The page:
She hadn’t seen him since that awful day in the food court, when she’d nervously admitted her feelings, worried he might panic and reject her. Instead he’d sneezed. They’d thought nothing of it until the redness and swelling started, and then she and three other people in the area had gone scrambling to find a phone to dial 9-1-1. Most of them thought he’d swallowed a peanut, some reason that was logical and safe and had nothing to do with love. But then, after hearing the news from the doctor as she lurked outside his hospital room, logical and safe were nothing but faded hopes.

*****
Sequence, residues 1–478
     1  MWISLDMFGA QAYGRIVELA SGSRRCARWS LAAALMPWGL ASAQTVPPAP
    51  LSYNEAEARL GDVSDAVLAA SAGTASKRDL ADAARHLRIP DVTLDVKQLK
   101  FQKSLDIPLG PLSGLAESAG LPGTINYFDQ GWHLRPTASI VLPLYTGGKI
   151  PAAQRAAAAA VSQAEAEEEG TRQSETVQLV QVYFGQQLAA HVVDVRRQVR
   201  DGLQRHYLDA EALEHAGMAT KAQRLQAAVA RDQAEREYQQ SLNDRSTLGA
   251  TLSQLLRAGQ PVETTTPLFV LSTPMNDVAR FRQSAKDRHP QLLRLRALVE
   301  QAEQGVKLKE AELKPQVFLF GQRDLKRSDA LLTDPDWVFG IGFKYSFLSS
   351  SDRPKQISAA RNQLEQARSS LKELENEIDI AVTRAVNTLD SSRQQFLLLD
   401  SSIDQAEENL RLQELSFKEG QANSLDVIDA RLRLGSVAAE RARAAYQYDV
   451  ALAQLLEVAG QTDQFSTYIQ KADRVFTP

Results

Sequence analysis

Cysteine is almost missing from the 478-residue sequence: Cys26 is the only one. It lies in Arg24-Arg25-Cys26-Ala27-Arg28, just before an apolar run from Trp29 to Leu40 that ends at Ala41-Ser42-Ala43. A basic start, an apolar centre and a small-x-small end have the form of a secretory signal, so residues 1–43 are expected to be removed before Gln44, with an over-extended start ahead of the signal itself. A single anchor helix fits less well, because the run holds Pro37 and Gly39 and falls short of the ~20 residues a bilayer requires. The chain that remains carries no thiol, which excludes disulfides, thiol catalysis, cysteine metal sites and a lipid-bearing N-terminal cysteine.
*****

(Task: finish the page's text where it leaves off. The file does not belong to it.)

She’d left the hospital without saying goodbye. Now, she was a scientist, working in one of the top research labs in the country. Her coworkers could depend on her to work late hours, to remain detached and calculating. Distant. Her dream of going into theater, of being a Broadway star, had been replaced by the cold comfort of lab equipment and sterile procedures. She didn’t dare be loved, or love her job.

Her love could kill.

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